I encourage you to read the story of The Rich Man and Lazarus found in Luke 16: 19-31. I want us to think about how we treat people in need. Are we generous? Are we guarded? Do we help a few times and then build up boundaries so that a person does not become too dependent? Do we consistently ignore them? Be honest. How do you respond, and how do you feel about the way you respond?
One of the points this story is making is that the rich man had every resource and occasion to help this poor man named Lazarus, but he ignored him. The only comfort Lazarus received was the dogs licking his wounds! When they both die, the rich man is tormented in the flames of Hades while Lazarus is in heaven with Abraham. The rich man begs for mercy. He asks Abraham to send Lazarus, the man he ignored, to bring him a touch of water to cool the flames. What a bold request this is! There is no mercy for this man. He must endure in the afterlife the agony that Lazarus endured during his earthly life. The explanation Abraham gives the rich man is that he, and his relatives, have had every opportunity to learn about ethical living through Moses (the Torah, or the Law) and the prophets. Not even someone returning from the dead could convince them. Ouch!
The lesson is still valuable for us today. We know what is right. We know what is good and pleasing to God. We know the words of the prophet Micah, “O mortal, what is good; and what does the Lord require of you but to do justice, and to love kindness, and to walk humbly with your God?” (6:8). We want to argue our way around doing what is right, and we hope to have mercy to accommodate our shortcomings. We might be tempted to ignore those Old Testament books and skip to the Gospels and Epistles. However, to do that is to misunderstand Jesus. We ignore the words on which he based his life. He did not come to abolish the previous teachings and prophecies but to fulfill them. Jesus rose from the dead, and sadly, we still do not heed his words. Some claim we need not have faith in Jesus but have the faith of Jesus. Then, the hungry would be fed, the sick would receive healthcare, the lonely would not be forgotten, and all the “isms” that plague our society would no longer exist.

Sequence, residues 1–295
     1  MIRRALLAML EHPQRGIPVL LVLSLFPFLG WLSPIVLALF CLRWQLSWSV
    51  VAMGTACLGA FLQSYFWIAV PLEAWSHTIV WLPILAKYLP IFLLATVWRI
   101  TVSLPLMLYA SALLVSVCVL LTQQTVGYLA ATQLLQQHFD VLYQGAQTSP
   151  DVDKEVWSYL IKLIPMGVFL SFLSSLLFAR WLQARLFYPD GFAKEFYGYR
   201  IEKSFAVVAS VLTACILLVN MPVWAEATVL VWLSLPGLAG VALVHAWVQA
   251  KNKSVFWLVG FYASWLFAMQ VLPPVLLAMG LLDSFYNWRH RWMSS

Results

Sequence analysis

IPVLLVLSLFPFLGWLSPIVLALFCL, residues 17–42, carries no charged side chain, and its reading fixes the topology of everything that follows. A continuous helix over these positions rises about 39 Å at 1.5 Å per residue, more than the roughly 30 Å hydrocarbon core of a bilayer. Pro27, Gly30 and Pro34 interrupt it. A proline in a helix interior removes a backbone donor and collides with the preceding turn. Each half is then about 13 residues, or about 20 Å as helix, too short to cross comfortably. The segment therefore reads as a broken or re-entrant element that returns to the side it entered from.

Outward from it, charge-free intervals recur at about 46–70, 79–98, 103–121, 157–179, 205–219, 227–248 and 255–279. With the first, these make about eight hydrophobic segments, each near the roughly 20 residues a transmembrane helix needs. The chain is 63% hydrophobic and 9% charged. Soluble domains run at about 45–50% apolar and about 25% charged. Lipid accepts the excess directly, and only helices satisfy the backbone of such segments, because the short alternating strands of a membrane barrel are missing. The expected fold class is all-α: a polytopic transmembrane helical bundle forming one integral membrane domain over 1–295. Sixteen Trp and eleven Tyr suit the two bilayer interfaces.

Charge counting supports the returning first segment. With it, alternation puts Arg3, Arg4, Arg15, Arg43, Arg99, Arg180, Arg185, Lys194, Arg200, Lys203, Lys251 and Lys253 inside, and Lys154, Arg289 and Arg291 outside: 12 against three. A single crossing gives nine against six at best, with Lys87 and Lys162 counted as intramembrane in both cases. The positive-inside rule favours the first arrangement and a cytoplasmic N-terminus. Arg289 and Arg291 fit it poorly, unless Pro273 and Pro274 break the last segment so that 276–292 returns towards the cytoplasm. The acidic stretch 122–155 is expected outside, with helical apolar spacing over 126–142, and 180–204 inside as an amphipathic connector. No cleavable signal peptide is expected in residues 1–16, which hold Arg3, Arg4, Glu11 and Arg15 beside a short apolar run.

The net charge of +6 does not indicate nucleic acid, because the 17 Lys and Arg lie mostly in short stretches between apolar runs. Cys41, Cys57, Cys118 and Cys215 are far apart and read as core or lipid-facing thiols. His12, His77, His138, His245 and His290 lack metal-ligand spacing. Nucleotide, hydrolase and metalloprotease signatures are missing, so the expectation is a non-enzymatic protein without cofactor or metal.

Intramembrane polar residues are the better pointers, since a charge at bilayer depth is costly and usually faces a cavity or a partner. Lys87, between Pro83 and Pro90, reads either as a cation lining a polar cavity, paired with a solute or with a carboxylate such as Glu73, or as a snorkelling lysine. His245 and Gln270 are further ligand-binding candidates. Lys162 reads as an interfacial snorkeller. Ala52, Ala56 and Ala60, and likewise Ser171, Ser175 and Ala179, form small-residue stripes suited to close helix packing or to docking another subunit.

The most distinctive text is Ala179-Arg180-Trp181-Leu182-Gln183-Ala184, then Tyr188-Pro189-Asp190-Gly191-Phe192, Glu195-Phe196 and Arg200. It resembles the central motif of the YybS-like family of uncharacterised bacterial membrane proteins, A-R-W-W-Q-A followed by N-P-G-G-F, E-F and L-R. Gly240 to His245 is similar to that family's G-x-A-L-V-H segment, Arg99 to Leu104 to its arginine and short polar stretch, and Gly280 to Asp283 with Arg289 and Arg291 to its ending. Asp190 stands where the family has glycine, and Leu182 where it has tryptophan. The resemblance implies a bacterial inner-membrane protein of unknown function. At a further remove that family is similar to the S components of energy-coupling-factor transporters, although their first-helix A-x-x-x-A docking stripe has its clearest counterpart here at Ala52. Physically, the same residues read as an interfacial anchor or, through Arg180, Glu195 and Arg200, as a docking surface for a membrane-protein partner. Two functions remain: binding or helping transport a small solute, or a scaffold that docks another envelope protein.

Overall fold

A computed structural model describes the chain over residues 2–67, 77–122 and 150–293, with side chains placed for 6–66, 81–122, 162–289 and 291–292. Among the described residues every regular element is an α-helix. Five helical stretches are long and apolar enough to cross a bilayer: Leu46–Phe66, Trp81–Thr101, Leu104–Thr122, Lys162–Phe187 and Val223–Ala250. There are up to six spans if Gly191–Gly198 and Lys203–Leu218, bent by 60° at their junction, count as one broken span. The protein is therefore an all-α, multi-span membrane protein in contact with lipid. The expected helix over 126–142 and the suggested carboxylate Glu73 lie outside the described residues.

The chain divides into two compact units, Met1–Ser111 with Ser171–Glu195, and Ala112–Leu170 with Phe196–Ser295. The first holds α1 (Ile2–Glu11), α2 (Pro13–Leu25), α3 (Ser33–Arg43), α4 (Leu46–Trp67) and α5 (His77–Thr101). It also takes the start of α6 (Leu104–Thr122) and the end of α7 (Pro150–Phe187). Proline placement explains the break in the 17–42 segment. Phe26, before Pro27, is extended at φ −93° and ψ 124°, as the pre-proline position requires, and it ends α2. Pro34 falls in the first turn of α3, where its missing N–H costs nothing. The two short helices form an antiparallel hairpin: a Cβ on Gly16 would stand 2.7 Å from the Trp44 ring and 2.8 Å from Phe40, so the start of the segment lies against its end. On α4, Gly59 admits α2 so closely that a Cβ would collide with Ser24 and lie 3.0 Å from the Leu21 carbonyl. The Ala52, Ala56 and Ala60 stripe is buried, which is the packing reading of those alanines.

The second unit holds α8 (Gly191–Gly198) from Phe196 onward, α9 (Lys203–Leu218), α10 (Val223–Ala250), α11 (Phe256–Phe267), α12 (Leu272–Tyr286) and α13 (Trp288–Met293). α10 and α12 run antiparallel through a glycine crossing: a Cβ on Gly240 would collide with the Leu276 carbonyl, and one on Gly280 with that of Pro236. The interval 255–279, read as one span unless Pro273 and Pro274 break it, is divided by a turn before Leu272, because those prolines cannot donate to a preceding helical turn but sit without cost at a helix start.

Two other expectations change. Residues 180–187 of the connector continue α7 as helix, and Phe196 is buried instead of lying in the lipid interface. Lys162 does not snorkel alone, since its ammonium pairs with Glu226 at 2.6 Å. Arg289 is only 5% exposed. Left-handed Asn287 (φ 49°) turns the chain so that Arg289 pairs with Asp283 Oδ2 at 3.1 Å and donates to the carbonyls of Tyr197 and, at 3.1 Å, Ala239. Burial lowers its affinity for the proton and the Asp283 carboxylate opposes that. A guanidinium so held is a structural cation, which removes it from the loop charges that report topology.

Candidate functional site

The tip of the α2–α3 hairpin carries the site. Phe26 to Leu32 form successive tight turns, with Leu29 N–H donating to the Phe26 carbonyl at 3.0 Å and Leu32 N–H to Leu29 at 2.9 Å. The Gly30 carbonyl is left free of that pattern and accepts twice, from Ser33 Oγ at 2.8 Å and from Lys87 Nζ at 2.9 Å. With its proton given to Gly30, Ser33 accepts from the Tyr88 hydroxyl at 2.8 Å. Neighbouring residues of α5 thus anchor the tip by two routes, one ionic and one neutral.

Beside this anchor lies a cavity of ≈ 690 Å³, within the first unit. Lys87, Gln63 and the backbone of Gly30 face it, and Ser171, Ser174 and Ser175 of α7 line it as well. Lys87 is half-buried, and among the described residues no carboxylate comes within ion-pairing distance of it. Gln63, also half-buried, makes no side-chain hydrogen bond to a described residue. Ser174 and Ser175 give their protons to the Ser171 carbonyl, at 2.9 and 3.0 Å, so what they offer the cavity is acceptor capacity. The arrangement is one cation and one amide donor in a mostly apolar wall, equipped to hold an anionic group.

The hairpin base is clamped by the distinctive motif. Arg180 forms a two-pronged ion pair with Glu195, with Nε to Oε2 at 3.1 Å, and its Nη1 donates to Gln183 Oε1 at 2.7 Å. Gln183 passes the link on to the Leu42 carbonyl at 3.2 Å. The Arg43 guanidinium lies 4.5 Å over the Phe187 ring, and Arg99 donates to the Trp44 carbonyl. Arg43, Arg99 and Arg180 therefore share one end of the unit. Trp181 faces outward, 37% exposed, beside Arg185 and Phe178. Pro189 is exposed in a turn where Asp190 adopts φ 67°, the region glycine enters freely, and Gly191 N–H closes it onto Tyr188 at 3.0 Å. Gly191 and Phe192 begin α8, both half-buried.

The good news is Lazarus did not have to earn his way into eternal blessings. He did nothing, and he received a favored place in the bosom of Father Abraham. So, I suppose a takeaway for us is what we DON'T DO matters; our lack of actions has consequences, perhaps even eternal ones!
If we cannot relate to the wealth of the rich man, perhaps we can understand his desire to tell others to heed the words of the law and the prophets. Perhaps our vantage point as followers of the resurrected Lord might be to heed this parable; after all, he did come back from death. Can we not listen to him? What more would it take?